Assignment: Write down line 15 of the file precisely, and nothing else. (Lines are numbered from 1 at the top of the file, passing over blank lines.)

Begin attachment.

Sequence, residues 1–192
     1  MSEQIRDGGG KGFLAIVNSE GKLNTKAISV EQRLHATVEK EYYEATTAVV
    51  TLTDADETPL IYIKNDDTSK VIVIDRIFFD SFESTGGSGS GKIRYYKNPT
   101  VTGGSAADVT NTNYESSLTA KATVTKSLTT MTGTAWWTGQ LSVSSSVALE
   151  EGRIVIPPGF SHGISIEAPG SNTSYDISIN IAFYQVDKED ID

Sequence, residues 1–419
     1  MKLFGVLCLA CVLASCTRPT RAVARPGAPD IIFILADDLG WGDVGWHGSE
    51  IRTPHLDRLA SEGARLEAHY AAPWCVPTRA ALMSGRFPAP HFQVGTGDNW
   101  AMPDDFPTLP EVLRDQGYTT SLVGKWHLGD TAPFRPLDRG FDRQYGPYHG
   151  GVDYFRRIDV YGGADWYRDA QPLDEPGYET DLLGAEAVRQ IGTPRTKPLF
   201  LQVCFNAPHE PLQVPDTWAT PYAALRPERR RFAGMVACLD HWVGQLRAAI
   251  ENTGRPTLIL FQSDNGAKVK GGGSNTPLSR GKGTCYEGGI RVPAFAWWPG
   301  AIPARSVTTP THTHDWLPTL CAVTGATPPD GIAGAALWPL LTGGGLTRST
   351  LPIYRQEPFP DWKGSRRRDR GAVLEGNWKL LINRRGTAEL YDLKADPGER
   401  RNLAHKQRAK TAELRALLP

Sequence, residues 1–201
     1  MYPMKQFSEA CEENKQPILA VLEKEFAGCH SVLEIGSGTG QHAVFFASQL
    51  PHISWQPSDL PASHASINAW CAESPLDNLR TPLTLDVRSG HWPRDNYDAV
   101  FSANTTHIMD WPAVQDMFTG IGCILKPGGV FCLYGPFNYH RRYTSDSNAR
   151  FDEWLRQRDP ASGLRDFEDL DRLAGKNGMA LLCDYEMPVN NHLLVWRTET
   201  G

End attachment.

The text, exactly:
   401  RNLAHKQRAK TAELRALLP